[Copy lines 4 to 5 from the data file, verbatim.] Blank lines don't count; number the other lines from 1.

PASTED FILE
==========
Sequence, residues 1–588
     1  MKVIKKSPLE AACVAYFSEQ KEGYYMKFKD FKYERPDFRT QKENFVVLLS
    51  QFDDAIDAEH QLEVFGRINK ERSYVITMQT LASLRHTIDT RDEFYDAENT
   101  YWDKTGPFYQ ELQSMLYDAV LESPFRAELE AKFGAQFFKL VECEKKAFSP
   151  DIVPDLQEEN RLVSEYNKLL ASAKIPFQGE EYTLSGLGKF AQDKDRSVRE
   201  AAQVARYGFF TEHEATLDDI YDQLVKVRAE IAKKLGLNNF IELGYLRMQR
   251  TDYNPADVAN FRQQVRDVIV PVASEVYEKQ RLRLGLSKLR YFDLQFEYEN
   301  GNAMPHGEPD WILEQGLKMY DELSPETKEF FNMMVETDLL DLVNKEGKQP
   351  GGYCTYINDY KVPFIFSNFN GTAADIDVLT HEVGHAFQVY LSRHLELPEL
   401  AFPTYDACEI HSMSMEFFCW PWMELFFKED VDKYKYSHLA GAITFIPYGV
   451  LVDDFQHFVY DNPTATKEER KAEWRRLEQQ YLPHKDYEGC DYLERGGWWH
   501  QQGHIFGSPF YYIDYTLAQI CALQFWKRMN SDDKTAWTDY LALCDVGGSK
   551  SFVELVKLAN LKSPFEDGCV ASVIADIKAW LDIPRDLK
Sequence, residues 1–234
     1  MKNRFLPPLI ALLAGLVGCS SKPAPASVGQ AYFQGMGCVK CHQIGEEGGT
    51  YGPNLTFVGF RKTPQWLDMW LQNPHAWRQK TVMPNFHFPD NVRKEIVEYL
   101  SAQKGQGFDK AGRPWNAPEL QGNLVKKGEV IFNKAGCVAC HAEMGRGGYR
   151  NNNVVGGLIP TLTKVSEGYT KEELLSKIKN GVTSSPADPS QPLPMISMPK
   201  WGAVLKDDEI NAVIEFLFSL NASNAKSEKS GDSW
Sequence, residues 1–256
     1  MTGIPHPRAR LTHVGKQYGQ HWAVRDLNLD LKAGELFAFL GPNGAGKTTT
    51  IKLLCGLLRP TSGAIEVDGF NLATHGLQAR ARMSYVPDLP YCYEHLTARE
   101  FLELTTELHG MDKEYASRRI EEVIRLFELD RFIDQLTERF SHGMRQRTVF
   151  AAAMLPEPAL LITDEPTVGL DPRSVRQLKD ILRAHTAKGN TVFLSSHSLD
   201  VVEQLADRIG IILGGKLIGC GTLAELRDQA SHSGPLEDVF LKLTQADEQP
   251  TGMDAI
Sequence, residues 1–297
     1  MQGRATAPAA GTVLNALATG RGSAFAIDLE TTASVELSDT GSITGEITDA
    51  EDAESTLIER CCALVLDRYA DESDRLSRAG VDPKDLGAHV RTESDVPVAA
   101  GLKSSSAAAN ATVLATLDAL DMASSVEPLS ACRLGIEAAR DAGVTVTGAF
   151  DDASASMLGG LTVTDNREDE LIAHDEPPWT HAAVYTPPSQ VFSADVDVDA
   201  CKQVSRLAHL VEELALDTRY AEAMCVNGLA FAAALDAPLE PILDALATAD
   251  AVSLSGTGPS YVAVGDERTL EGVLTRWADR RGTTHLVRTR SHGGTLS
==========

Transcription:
   101  YWDKTGPFYQ ELQSMLYDAV LESPFRAELE AKFGAQFFKL VECEKKAFSP
   151  DIVPDLQEEN RLVSEYNKLL ASAKIPFQGE EYTLSGLGKF AQDKDRSVRE